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MonkeyNotes-King Henry VI, Part 3 by William Shakespeare
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Act V, Scene 7

The scene is set in the palace with King Edward, Queen Elizabeth,
George Richard, Hastings, and a nurse with the young Prince and
attendants. The scene shows a reunion among the brothers and
Edward asks his brothers to kiss his young son and heir to the
throne. He is very happy because he has got back his country,
brothers and a son. He gives orders to take away Margaret and ship
her to France. He ends on a rejoiceful note.


The scene is ironic and prepares the audience for the next
installment of the York family's rule of England in Richard III, that
will be the culmination of the disorderly period of English history
from 1399-1485, when the marriage of Henry VII to the Yorkist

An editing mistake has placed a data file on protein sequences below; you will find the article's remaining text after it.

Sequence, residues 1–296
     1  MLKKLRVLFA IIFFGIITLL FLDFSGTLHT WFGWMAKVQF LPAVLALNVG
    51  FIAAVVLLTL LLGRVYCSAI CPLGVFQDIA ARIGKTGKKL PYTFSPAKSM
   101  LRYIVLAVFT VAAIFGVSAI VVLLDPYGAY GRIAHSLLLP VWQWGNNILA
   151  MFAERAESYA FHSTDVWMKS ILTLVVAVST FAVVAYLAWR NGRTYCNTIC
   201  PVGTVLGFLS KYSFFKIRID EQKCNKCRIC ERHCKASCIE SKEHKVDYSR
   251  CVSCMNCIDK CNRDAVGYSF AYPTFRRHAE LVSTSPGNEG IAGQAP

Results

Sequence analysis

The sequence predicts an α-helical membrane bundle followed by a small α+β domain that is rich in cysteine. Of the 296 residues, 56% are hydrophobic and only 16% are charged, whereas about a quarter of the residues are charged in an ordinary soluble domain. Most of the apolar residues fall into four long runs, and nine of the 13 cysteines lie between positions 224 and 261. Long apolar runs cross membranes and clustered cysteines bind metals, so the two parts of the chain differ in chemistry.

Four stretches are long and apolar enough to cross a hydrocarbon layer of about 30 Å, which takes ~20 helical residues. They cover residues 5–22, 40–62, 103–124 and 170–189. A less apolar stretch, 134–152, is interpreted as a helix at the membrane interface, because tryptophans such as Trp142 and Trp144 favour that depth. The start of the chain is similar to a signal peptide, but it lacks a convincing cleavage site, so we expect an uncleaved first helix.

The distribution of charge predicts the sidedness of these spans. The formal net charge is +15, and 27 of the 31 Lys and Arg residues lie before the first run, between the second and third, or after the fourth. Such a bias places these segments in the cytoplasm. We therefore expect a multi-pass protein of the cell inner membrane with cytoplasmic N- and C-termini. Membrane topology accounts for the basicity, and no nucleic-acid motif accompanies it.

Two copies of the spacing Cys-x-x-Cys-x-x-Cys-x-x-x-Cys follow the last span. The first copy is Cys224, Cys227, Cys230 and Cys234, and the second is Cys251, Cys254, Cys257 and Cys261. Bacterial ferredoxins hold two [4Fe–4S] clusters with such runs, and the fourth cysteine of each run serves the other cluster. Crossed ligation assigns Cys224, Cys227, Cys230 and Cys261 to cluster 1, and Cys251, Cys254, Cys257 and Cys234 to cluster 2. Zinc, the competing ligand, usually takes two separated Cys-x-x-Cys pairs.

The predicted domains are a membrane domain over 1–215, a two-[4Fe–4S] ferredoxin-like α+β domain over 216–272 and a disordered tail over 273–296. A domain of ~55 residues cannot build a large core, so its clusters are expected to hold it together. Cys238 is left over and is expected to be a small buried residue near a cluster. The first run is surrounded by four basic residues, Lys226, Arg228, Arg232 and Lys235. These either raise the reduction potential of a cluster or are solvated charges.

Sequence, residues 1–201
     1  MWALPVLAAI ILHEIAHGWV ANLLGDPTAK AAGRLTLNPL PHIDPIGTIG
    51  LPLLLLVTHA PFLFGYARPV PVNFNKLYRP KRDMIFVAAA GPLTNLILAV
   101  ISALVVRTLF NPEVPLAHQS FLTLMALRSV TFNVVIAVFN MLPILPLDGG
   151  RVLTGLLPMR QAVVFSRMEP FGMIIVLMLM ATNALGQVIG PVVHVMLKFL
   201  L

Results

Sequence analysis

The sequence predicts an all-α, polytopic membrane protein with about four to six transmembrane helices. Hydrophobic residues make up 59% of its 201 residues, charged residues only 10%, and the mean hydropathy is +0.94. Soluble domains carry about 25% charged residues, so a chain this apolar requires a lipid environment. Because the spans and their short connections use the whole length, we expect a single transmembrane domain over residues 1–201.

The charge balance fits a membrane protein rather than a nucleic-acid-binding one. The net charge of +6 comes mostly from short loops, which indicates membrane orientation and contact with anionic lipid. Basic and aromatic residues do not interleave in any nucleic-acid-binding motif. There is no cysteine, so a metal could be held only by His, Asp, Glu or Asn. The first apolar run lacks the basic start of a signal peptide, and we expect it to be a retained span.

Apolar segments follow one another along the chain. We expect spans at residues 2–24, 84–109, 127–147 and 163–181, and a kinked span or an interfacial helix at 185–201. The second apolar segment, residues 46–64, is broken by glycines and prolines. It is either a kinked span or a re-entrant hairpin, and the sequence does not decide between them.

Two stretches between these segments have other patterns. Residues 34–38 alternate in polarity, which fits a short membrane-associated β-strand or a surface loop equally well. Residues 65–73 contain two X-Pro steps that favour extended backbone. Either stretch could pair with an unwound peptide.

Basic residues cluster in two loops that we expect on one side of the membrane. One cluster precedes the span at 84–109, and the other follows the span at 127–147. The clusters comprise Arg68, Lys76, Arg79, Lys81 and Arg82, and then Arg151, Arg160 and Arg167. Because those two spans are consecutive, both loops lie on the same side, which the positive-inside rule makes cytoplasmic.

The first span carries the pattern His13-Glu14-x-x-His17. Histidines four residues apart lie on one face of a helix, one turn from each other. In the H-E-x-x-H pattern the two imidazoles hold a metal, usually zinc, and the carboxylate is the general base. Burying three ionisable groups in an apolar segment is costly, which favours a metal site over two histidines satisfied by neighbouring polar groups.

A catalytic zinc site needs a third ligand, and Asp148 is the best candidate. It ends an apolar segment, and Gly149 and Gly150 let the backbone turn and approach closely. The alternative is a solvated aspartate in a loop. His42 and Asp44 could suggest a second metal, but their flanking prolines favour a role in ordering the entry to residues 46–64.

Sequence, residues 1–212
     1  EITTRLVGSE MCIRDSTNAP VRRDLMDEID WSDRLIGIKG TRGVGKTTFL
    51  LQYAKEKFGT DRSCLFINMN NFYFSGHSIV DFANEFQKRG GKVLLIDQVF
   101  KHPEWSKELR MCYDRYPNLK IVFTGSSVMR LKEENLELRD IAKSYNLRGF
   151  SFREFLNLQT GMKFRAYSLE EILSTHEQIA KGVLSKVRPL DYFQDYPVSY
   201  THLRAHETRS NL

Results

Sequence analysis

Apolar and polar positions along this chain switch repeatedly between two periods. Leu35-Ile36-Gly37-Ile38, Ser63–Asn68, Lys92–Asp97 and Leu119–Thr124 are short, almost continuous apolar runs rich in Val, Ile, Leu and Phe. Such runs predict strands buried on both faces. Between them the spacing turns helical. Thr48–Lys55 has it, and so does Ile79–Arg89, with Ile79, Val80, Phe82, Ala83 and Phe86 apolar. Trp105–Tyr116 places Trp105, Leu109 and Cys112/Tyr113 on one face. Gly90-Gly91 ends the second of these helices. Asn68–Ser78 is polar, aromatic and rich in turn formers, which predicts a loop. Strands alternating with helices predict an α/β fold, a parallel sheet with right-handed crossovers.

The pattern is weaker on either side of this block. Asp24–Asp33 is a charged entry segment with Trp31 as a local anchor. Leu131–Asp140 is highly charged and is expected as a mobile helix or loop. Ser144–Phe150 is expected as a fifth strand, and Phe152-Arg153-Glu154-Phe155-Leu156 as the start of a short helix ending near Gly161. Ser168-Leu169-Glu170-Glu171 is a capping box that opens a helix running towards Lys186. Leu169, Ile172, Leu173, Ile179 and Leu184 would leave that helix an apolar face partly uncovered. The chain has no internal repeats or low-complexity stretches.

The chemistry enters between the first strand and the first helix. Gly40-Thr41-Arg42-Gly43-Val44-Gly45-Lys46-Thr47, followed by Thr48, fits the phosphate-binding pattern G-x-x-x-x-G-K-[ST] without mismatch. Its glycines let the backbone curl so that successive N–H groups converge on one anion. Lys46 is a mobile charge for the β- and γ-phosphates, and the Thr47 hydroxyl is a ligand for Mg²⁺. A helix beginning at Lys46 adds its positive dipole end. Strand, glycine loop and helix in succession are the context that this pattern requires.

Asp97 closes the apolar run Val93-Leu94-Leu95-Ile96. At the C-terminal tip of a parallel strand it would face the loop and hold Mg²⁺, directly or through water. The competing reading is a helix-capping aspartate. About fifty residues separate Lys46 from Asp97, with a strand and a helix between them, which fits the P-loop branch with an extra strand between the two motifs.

heiress Elizabeth will usher in a prosperous age. York has
triumphed and Edward calls the roll of his formidable enemies now
dead, and goes on to rejoice in the birth of an heir. Wars are over
and he thinks he is surrounded by his loving brothers. However,
Richard's aside sullies this otherwise domestic scene when he
kisses his nephew and says, "To say the truth, so Judas kiss'd his
master, And cried, "All hail," when as he meant all harm." Richard
will stop at nothing and has no guiding frameworks such as
religion or morals except his own maligned one. This peaceful
scene is ephemeral and in the final part of the tetralogy, Richard
III, all the conflicts and values will clash.

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MonkeyNotes-King Henry VI, Part 3 by William Shakespeare

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